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U.S. senators with bipartisan backing are reportedly planning to propose a bill that would allow President Joe Biden to seize and transfer Russian sovereign assets to Ukraine, the Financial Times (FT) reported on June 15.
Western countries have frozen around $300 billion of Russia's Central Bank assets since the start of the full-scale invasion of Ukraine.
The bill's proponents argue that since Russia bears the blame for the destruction and war crimes in Ukraine, it should also bear the financial costs of reparations. They also likely aim to alleviate the burden of Ukraine's support from U.S. taxpayers and allies.
"Given Russia's brutality and continued war crimes against the Ukrainian people, it is only right that Russian government funds in the United States be seized and repurposed to help Ukraine win the war and rebuild its country," said the Republican Senator Jim Risch, who is filing the bill.
The Biden administration has not yet taken a clear position on the issue.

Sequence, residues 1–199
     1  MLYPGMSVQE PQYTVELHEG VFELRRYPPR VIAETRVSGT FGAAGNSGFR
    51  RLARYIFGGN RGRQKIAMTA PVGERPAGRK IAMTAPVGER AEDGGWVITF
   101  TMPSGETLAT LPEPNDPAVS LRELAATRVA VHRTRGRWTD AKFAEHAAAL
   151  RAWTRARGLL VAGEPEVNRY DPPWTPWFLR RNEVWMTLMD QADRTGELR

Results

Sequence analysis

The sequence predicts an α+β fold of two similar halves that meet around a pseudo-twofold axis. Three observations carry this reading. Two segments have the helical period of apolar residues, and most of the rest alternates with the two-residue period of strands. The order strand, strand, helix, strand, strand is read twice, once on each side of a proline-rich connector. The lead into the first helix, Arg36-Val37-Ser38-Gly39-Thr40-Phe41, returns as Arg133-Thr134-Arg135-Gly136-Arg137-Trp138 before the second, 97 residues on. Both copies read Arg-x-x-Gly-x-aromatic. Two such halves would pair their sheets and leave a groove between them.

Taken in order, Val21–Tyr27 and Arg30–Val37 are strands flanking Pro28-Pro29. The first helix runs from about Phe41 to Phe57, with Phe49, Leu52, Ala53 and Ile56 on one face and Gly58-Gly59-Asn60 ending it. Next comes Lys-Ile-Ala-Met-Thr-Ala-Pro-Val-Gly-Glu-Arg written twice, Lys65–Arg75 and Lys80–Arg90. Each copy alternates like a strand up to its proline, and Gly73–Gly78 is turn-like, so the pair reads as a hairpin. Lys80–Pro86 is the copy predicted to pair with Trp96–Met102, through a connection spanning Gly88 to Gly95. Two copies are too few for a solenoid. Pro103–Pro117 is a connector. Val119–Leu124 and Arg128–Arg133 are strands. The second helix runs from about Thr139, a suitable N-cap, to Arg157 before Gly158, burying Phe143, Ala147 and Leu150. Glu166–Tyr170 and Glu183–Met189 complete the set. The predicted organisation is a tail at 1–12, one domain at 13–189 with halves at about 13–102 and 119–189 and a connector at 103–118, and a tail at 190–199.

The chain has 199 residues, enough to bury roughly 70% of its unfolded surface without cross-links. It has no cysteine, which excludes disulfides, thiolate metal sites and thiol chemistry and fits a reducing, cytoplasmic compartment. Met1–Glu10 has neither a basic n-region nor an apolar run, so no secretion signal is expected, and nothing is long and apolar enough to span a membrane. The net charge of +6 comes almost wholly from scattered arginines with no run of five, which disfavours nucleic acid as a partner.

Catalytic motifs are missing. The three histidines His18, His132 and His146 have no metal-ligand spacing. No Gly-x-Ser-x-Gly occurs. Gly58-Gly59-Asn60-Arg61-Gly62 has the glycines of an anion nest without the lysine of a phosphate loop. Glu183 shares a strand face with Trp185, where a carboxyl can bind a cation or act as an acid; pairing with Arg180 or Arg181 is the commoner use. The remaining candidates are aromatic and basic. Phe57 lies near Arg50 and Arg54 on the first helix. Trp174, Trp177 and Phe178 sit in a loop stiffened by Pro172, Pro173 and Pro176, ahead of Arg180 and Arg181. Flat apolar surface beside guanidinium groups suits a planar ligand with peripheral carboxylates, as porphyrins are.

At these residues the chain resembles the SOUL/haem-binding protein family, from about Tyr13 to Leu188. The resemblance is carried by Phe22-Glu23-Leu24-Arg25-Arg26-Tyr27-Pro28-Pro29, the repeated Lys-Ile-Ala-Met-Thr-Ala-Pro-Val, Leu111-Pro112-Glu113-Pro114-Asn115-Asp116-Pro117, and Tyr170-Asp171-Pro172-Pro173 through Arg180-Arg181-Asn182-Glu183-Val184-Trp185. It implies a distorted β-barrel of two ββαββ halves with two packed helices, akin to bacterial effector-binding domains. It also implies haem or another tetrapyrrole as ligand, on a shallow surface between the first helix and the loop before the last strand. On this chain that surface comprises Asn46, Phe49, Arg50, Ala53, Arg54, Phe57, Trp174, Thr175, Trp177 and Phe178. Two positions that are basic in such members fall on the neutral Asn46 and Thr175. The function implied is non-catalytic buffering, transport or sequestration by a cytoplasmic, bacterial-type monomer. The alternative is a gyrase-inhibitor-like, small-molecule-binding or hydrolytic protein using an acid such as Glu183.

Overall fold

Critics have pointed out the legal pitfalls of this move, as sovereign assets are covered by "sovereign immunity" – an understanding that one state will not seize another's property.
Seizing and transferring Russian sovereign assets could encourage the same response from Moscow and set a dangerous precedent in foreign policy around the world.
A bipartisan group of U.S. lawmakers sent a letter to Biden on May 23, urging him to send the seized assets to Ukraine.
The European Union, in turn, considers sending the money generated through financial operations with the frozen assets to Kyiv, rather than the assets themselves.
The Kyiv School of Economics reported in late March that Russia's war against Ukraine had caused over $138 billion in damages across the country, including an estimated $36.2 billion in damages to infrastructure.
According to U.S. lawmakers, the post-war reconstruction of Ukraine can cost up to $411 billion.